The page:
Market, Violence and a Movement: Decolonization and Precarious Work at the University of Cape Town

Friday, 20 July 2018: 11:00
Oral Presentation
Faisal GARBA MUHAMMED, University of Cape Town, South Africa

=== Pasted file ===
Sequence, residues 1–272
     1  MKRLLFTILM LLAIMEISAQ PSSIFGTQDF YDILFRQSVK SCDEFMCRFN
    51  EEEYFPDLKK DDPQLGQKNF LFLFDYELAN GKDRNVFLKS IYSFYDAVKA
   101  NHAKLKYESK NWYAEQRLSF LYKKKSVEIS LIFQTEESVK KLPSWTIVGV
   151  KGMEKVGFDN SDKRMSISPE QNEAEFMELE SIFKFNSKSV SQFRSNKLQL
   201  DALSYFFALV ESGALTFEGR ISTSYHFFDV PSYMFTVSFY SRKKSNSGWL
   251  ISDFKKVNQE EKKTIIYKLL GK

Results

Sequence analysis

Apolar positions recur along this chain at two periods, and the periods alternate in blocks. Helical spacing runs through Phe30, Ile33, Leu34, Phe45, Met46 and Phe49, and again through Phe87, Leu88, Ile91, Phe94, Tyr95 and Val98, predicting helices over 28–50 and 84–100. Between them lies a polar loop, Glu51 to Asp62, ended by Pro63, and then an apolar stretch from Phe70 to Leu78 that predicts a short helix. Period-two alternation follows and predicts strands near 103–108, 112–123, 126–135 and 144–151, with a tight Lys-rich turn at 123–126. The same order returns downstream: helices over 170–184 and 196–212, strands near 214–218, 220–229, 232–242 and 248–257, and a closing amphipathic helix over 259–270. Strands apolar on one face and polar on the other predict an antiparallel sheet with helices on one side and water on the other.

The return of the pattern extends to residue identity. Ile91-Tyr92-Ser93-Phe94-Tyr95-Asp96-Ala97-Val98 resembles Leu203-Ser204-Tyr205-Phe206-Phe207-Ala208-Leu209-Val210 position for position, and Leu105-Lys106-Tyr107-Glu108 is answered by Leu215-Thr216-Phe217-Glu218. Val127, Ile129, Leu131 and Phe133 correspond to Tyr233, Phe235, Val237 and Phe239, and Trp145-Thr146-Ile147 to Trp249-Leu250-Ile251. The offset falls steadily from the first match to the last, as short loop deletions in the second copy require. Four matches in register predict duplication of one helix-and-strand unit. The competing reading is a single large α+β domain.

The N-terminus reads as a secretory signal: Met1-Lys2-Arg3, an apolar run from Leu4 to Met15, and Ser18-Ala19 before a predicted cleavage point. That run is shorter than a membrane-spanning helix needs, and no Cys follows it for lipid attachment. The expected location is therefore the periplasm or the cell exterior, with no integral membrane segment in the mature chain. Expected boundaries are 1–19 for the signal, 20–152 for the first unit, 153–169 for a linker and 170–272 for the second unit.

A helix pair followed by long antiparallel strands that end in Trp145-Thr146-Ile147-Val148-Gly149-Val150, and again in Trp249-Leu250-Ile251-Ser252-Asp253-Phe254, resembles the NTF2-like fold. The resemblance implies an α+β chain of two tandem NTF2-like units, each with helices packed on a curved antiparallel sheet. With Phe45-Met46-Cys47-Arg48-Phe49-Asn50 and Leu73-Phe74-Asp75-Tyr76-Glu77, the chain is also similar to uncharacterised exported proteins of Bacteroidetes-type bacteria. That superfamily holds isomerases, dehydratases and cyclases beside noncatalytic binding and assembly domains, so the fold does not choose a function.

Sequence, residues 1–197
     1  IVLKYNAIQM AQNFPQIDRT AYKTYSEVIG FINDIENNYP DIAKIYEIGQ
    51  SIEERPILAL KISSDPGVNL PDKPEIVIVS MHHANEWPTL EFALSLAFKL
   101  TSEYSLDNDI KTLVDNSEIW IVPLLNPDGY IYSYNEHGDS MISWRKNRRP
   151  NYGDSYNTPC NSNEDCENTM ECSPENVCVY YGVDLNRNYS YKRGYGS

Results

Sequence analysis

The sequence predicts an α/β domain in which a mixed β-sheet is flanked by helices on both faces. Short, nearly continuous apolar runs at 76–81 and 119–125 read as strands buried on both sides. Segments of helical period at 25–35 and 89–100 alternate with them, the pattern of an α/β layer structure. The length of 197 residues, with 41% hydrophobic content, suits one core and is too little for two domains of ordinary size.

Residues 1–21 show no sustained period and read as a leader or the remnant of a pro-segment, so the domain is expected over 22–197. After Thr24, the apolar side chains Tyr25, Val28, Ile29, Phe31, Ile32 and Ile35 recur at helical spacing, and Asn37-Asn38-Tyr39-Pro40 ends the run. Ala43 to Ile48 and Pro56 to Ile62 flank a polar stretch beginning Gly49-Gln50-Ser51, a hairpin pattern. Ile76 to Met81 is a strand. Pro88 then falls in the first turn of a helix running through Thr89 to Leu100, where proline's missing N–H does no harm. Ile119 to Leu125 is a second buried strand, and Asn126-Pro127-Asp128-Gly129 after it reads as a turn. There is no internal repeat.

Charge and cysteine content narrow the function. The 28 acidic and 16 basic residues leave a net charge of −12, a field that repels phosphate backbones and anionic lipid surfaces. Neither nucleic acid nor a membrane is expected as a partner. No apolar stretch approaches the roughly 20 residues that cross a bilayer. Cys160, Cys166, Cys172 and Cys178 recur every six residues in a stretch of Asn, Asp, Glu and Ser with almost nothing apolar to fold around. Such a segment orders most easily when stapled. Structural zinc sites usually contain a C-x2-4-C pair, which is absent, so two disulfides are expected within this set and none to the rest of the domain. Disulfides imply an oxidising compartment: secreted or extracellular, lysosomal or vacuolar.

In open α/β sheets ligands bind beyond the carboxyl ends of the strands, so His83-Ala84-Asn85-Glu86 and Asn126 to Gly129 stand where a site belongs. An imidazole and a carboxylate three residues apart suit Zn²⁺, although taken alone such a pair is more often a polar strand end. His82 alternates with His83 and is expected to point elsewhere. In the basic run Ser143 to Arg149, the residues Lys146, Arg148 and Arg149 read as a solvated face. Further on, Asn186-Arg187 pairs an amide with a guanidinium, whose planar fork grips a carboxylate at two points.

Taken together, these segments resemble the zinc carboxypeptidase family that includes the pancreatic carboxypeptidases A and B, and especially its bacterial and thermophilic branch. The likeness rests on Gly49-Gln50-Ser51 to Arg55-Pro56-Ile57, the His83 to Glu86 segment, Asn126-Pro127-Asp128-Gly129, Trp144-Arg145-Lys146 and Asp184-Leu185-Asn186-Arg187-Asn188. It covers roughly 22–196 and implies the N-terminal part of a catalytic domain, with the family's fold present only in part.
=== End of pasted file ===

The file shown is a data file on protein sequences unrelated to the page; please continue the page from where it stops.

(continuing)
In April 2015 a student at the University of Cape Town staged a protest in front of a brooding statue of British imperialist Cecil John Rhodes located at the heart of the university. As part of his protest accoutrements, the student procured human faeces from a township (the urban ghettos Apartheid carved for non-whites) and emptied it on the statue, in order to, in his words, ‘’bring our shame to this white (read violent) space’’. His protest gave birth to the movement #RhodesMustFall demanding the removal of the statue and other colonial memorials on campus. The movement further demanded, among other things: the full employment of workers who were outsourced as a cost-cutting measure, and the centering of Africa and African knowledges in curricular. The first hurdle was how to define decolonization: Is it a return to a status quo ante? What will decolonization mean in an intellectual workplace dominated by precarious work? In this paper I explore aspects of the debates and tensions that animated the movement around: what exactly a decolonized university will mean relative to precarious workers among whom are janitors, contract lecturers and tutors; and the question of the militarization of the campus by the state and university management. I look at the case of precarious academics who identified with the student-worker movement but whose employment conditions were too unstable for which reason showing solidarity by boycotting classes meant a risk that permanent academic staff were relatively immune from. I conclude by showing how a joint disciplinary mechanism from the commodified university in curtailing dissent via tenure insecurity, and the militarization of campus by the state contributed to the fragmentation of a struggle for a de-comodified and open campus.